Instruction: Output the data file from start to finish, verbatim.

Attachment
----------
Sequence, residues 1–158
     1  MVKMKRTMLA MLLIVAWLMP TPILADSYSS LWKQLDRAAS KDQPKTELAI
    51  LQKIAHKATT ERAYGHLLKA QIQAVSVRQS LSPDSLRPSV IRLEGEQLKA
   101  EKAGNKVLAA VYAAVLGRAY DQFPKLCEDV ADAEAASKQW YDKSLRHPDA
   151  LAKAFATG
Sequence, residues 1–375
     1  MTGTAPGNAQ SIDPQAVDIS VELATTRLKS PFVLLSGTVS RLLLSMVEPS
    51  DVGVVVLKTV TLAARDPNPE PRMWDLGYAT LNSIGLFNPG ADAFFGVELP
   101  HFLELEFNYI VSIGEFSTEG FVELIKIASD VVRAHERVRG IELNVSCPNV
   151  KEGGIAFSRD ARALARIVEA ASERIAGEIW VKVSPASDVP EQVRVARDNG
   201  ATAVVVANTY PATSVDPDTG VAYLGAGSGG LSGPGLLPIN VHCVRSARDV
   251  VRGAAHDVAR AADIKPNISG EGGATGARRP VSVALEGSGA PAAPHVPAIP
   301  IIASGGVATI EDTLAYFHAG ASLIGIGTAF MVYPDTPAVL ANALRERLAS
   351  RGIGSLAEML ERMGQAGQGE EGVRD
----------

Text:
Sequence, residues 1–158
     1  MVKMKRTMLA MLLIVAWLMP TPILADSYSS LWKQLDRAAS KDQPKTELAI
    51  LQKIAHKATT ERAYGHLLKA QIQAVSVRQS LSPDSLRPSV IRLEGEQLKA
   101  EKAGNKVLAA VYAAVLGRAY DQFPKLCEDV ADAEAASKQW YDKSLRHPDA
   151  LAKAFATG
Sequence, residues 1–375
     1  MTGTAPGNAQ SIDPQAVDIS VELATTRLKS PFVLLSGTVS RLLLSMVEPS
    51  DVGVVVLKTV TLAARDPNPE PRMWDLGYAT LNSIGLFNPG ADAFFGVELP
   101  HFLELEFNYI VSIGEFSTEG FVELIKIASD VVRAHERVRG IELNVSCPNV
   151  KEGGIAFSRD ARALARIVEA ASERIAGEIW VKVSPASDVP EQVRVARDNG
   201  ATAVVVANTY PATSVDPDTG VAYLGAGSGG LSGPGLLPIN VHCVRSARDV
   251  VRGAAHDVAR AADIKPNISG EGGATGARRP VSVALEGSGA PAAPHVPAIP
   301  IIASGGVATI EDTLAYFHAG ASLIGIGTAF MVYPDTPAVL ANALRERLAS
   351  RGIGSLAEML ERMGQAGQGE EGVRD